The elegant hosta ‘Hanky Panky’ grows in an old dogwood stump, also along my front walk.

I love the very unusual hosta ‘Praying Hands’ and have it in three different containers, here with violas.


There is no other miniature hosta that looks like ‘Sparkler’ so I gave it its own spot in an antique metal pitcher salvaged from the dump.

Small hostas can get lost when planted in perennial borders unless they are massed.  Growing special miniature hostas in containers brings them up to eye level.  Here are 16 miniatures in my strawberry pot:

It also allows you to pair them with other miniature plants to create a tiny garden.  My previous posts contain many photos of my containers of little hostas.  However, I thought I would show you some of the planters I have recently created to give my customers ideas and to sell at my upcoming hosta open house:









All these containers were purchased inexpensively at flea markets and antique stores or were salvaged from the dump at the bottom of our property.  You probably have a suitable pot, pan, or other hosta garden holder gathering dust in your attic right now.


Hosta gardens waiting at Carolyn’s Shade Gardens for a new home.

Choosing tiny companion plants to go with your miniature hostas is another fun part of growing them in containers or in a rock garden.  Plant collecting urges are satisfied by all the plants that can be crammed into a small area.  In the planters above, I used violas, sedums, hens and chicks, ‘Heartthrob’ violet, ‘Tiny Rubies’ dianthus, and pasque flower (Pulsatilla).  Here are some more combinations:

Hostas ‘Shiny Penny’, ‘Green Eyes’, and ‘Itsy Bitsy Spider’ paired with sedum, hens and chicks, and rosularia in my dish garden.

Mouse ears hostas with dwarf Solomon’s seal, Polygonatum humile, in my stone trough.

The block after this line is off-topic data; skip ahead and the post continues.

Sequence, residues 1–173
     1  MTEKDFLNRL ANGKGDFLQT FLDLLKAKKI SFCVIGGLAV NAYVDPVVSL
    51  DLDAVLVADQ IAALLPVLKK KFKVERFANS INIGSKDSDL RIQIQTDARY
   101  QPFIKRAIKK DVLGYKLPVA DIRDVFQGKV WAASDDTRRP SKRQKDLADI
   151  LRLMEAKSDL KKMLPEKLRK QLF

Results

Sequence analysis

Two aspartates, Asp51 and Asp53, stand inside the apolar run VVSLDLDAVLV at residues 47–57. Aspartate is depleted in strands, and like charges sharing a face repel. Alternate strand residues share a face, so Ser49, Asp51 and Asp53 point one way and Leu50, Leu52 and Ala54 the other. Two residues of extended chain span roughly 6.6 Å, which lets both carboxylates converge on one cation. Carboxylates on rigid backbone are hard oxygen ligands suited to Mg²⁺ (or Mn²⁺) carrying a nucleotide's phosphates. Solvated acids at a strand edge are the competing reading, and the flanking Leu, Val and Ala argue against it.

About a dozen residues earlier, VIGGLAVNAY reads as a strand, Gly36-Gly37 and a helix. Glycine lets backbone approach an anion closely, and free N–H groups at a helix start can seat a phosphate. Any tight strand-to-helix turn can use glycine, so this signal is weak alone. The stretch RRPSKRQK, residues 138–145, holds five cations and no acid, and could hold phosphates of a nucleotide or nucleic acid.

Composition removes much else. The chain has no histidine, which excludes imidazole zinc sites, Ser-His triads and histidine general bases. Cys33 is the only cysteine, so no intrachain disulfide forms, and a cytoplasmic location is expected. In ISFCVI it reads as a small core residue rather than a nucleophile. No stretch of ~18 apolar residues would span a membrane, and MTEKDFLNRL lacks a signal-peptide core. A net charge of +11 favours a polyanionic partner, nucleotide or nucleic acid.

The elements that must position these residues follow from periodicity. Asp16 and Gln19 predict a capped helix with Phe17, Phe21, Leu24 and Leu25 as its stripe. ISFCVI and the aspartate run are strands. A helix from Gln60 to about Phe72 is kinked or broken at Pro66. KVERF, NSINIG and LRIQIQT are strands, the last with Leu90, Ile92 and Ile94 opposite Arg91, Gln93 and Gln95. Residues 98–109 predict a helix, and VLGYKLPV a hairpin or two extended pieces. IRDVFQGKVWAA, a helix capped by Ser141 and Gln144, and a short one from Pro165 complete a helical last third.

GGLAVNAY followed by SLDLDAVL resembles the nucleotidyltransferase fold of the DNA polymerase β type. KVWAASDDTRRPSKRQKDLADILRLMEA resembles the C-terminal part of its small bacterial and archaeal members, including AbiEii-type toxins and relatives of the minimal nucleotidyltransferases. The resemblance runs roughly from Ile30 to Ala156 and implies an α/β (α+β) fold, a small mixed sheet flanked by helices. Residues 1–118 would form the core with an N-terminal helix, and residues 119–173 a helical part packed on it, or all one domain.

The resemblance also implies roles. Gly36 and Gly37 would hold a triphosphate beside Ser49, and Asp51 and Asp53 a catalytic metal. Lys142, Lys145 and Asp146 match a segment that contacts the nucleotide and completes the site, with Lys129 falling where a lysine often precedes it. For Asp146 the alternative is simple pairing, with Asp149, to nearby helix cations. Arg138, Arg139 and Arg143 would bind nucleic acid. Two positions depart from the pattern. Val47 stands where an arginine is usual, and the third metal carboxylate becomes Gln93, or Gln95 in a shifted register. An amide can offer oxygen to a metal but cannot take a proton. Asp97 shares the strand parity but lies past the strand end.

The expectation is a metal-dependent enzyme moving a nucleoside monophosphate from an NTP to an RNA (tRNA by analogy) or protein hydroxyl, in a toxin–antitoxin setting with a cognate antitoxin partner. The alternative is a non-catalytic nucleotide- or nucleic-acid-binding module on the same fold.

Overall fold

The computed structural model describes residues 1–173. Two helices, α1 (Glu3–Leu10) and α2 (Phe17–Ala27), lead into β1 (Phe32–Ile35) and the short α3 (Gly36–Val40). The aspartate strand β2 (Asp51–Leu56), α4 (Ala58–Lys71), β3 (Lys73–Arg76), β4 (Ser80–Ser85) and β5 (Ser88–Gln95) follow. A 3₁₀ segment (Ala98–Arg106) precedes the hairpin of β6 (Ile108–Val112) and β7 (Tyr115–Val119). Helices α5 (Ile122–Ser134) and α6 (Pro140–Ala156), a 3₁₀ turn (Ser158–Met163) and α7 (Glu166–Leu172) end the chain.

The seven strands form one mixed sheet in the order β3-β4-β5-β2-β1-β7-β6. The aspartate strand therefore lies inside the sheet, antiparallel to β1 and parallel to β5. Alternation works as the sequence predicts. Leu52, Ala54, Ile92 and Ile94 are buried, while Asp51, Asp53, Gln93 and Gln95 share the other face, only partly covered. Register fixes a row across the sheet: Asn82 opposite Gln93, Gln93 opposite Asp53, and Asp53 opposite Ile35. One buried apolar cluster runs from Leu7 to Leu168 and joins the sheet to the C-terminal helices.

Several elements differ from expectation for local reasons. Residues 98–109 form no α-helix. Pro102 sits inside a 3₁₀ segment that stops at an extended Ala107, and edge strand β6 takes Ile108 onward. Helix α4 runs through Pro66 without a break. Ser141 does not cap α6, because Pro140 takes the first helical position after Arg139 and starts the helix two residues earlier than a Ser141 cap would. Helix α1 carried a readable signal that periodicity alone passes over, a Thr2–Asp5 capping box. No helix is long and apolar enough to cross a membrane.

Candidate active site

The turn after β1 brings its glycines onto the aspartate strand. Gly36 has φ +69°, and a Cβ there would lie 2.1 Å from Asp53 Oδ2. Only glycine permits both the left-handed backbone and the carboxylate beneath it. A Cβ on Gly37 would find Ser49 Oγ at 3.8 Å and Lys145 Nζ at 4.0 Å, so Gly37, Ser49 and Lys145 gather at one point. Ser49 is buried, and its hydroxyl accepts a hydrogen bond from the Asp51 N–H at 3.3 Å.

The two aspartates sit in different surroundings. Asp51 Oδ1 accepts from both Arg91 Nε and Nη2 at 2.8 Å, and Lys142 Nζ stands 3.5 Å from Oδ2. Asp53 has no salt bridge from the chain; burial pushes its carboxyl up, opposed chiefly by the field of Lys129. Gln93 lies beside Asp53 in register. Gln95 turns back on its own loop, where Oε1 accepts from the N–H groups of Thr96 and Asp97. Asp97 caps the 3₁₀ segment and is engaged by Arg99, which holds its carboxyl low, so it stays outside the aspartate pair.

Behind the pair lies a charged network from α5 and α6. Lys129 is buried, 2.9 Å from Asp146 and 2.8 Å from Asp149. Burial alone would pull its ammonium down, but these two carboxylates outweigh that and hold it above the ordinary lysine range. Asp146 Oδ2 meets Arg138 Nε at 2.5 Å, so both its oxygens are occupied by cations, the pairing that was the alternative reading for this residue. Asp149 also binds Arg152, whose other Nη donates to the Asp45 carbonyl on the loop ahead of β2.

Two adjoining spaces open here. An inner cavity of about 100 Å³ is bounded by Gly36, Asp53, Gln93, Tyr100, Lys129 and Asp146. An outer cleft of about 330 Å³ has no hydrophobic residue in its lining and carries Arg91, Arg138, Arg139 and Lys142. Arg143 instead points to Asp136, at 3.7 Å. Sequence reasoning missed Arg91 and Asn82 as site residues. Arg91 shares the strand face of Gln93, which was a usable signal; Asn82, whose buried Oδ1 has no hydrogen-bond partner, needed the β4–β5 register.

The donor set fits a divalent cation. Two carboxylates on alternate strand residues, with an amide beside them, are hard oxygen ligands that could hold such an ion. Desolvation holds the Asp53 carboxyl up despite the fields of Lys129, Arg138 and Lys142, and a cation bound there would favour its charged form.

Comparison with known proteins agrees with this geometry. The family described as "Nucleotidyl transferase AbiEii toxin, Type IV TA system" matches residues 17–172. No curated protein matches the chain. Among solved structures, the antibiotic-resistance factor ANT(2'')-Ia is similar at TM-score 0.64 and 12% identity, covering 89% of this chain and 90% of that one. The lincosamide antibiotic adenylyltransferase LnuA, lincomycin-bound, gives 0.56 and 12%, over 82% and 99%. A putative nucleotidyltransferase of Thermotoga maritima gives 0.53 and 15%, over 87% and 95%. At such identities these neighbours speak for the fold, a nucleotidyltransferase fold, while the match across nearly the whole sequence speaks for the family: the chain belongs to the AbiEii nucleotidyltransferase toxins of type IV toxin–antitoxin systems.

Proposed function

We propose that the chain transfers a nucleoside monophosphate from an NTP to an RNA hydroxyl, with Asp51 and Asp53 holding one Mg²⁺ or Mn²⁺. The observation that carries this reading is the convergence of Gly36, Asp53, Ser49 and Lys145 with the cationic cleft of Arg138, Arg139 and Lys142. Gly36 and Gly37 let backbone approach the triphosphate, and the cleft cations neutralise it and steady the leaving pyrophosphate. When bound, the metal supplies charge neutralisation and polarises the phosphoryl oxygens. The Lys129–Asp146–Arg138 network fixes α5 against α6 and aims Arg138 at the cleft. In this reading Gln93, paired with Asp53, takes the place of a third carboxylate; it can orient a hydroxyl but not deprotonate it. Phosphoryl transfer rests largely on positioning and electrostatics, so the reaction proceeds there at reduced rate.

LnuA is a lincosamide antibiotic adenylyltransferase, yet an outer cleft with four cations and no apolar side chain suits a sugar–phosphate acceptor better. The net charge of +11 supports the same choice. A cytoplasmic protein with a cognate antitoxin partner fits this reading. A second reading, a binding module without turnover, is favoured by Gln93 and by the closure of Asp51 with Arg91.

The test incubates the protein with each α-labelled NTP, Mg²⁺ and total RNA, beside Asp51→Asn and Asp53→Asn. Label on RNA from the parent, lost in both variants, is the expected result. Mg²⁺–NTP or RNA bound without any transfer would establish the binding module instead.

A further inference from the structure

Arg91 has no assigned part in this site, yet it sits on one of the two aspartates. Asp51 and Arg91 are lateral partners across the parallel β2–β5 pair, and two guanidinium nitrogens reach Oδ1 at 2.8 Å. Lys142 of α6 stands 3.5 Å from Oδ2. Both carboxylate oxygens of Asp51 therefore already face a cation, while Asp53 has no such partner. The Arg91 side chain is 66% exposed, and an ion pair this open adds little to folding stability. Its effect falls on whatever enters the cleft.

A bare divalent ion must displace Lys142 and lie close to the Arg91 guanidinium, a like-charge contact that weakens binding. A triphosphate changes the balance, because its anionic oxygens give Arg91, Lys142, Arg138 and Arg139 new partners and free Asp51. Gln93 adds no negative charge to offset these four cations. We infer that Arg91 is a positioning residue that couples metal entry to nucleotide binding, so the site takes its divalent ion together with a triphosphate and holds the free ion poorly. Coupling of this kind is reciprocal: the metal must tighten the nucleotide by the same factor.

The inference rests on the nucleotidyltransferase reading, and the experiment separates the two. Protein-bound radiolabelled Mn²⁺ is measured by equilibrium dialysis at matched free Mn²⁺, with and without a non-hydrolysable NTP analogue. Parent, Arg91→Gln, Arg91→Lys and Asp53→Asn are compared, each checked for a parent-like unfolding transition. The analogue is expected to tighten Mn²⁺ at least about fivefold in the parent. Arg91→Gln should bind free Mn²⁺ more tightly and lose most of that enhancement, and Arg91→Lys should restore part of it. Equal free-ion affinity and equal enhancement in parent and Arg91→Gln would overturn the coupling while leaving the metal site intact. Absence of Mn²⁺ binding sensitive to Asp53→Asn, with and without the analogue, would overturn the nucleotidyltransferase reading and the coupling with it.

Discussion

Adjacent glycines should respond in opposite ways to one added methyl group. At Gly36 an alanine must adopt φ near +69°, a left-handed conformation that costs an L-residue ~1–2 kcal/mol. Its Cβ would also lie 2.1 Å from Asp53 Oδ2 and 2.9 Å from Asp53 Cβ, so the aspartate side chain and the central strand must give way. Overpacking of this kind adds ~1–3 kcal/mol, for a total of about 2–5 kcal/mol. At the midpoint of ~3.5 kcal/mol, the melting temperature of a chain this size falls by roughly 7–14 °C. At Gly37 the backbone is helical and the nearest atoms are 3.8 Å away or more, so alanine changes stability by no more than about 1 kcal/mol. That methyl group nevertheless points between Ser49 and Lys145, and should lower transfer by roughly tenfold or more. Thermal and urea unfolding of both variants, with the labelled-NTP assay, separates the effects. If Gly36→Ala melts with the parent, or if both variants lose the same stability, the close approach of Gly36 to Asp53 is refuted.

Hostas ‘Blue Mouse Ears’ and ‘Blonde Elf’ with miniature lady fern, Athyrium filix-femina ‘Minutissimum’, in the rock garden.

Hostas ‘Little Blue’, ‘Blonde Elf’, and ‘Little Wonder’ with a small epimedium in the rock garden.


Gardening with tiny plants and salvaged containers is so much fun.  I hope you will give it a try.

Carolyn

Nursery Happenings:  If you are interested in receiving miniature hostas mail order, click here.

If you are within visiting distance and would like to receive catalogues and information about customer events, please send your full name and phone number to carolynsshadegardens@verizon.net.  Subscribing to my blog does not sign you up to receive this information.

Facebook:  Carolyn’s Shade Gardens has a Facebook page where I post single photos, garden tips, and other information that doesn’t fit into a blog post.  You can look at my Facebook page here or click the Like button on my right sidebar here.

Notes: Every word that appears in orange on my blog is a link that you can click for more information.  If you want to return to my blog’s homepage to access the sidebar information (catalogues, previous articles, etc.) or to subscribe to my blog, just click here.